“The system is taking over,” says Ben, smiling, aware of the cliché.
We’re sitting in his back garden; it’s around eleven in the evening; warm, a near full moon overhead; rich dark hulks of bushes and trees fill our vision from the decking where we’re drinking whisky and talking about the world of books. His bookshop is still struggling, which may be why every time we meet he has a new theory for what’s wrong with the publishing business.
“Wasn’t it always?” I say.
“This is worse than the man, he says. This is the men, and the women, and the kids too.”
“Do you mean everyone’s finally been taken over by the system?”
“No, I mean everyone is the system, and now the system eats itself.”
“This isn’t going to be about how the man lost control for just a brief time in the 60s but is now more in charge than ever, having learnt his lesson?”
“Not quite. Leaving aside the commercial hacks who’ve always been around, the way it used to work with the good writers was that they just wrote. And when they’d finished writing, they gave it to their publisher who published it. Then the reader read it. End of story. So to speak.”
“Like Philip Wylie.”
“Yes! He was driven by ideas and passion and challenge. Remember that book he wrote where all the men on the planet disappear and in parallel all the women disappear. Right in the middle of it he sticks this thesis about men and women; says to the reader, you can skip this bit if you want but it’s why I wrote the book.”
“‘Generation of Vipers’ – an all-out attack on the American Mom.”
“And he created Superman without hardly noticing. Of course a couple of hacks stole the idea, sanitised it and made millions.”
“And Wylie wouldn’t get published today?”
“It’s worse than that: he probably wouldn’t write today. In his time, readers weren’t a system. They were the great unknown mass of unconnected individuals without a voice. There was no internet; just letters and mostly only two people ever saw those. Readers got what the writer wanted to say and the writer hardly ever knew or cared what the reader thought. Wylie wasn’t writing for readers. He was trying to smash a way through the system.”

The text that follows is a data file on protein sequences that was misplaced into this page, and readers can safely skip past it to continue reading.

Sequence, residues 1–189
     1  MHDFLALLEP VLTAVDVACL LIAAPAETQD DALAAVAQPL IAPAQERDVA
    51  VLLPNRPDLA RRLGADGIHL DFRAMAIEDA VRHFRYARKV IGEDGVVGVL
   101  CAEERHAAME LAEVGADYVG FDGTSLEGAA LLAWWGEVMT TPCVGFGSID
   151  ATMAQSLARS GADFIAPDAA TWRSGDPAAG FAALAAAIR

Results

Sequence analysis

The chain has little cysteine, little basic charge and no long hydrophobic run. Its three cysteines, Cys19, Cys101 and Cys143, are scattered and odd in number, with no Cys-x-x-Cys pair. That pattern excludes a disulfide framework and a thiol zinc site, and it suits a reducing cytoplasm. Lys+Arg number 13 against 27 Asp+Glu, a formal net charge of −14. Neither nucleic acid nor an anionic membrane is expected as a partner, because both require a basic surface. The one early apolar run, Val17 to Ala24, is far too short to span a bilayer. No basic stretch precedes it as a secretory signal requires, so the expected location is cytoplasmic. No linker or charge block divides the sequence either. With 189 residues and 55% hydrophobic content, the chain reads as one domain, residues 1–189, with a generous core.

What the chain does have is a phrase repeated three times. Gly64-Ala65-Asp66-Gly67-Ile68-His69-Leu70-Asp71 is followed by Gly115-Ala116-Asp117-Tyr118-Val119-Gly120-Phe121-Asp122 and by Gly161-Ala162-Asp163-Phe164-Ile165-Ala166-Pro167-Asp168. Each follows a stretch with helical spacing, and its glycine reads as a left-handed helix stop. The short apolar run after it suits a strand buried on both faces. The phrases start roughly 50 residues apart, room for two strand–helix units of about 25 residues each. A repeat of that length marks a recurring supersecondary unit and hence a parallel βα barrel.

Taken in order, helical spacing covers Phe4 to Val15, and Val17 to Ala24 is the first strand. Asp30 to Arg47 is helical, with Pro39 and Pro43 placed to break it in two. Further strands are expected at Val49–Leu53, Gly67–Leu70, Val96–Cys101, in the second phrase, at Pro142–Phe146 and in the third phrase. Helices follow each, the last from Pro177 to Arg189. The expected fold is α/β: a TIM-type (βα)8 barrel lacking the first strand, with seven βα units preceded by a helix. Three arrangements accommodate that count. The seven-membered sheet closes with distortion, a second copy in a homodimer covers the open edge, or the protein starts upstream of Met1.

“There’s that time his doctor told him to take a cruise as a break from writing but he spent the entire trip shut in his cabin writing a hundred and twelve thousand word novel.”
“Doctors are part of the system. And they want their patients to join the system, to do as they’re told, to take their medicine. Supplied by the drug companies which run the bigger system that controls the doctors’ system.”
A neighbour’s cat creeps onto the decking like a lateral thought. We hear the gentle tinkling of cutlery from the house backing on to Ben’s.
“In Wylie’s day,” says Ben, “the publisher’s system was sandwiched between two unknown non-systems: the writer and the reader. But now the writer is outnumbered because the readers have become a system that works in tandem with the publisher.”
I know what he means. I think about recent writers’ workshops I’ve been on where intelligent people, stuffed with craft and story instinct, are often bowed down by the requirements of a system that wants more and more of the same, with just a little twist of different.
“The worst thing that happened to writers was the creation of interconnected fans,” he says. “They’re demanding and powerful and full of cash so they now dictate what appears in books or screens. They love Sherlock Holmes and Batman and the X-Men and Doctor-Bloody-Who but they love them their way. And publishers and producers are too artistically spineless to tell them to go screw themselves, that they’ll get what they’re given and take a chance on expanding their creative comfort zones whether they want to or not.”